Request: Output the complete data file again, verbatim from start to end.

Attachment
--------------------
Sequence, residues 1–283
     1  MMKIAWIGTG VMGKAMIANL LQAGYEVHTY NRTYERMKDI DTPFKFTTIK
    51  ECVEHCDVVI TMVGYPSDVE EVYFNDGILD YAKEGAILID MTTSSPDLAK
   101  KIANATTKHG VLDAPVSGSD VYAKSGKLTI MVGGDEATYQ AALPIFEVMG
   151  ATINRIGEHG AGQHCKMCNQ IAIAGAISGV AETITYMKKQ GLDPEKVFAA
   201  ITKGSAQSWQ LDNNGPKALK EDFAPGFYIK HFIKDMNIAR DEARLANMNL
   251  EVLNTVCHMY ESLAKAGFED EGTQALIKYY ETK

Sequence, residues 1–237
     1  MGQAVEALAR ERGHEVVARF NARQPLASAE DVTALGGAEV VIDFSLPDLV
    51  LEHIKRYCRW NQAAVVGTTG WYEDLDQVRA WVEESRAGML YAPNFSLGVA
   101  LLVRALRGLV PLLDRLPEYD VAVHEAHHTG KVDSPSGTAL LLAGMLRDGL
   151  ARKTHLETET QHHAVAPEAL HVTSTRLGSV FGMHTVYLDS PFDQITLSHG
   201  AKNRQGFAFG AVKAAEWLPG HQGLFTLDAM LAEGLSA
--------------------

Sequence, residues 1–283
     1  MMKIAWIGTG VMGKAMIANL LQAGYEVHTY NRTYERMKDI DTPFKFTTIK
    51  ECVEHCDVVI TMVGYPSDVE EVYFNDGILD YAKEGAILID MTTSSPDLAK
   101  KIANATTKHG VLDAPVSGSD VYAKSGKLTI MVGGDEATYQ AALPIFEVMG
   151  ATINRIGEHG AGQHCKMCNQ IAIAGAISGV AETITYMKKQ GLDPEKVFAA
   201  ITKGSAQSWQ LDNNGPKALK EDFAPGFYIK HFIKDMNIAR DEARLANMNL
   251  EVLNTVCHMY ESLAKAGFED EGTQALIKYY ETK

Sequence, residues 1–237
     1  MGQAVEALAR ERGHEVVARF NARQPLASAE DVTALGGAEV VIDFSLPDLV
    51  LEHIKRYCRW NQAAVVGTTG WYEDLDQVRA WVEESRAGML YAPNFSLGVA
   101  LLVRALRGLV PLLDRLPEYD VAVHEAHHTG KVDSPSGTAL LLAGMLRDGL
   151  ARKTHLETET QHHAVAPEAL HVTSTRLGSV FGMHTVYLDS PFDQITLSHG
   201  AKNRQGFAFG AVKAAEWLPG HQGLFTLDAM LAEGLSA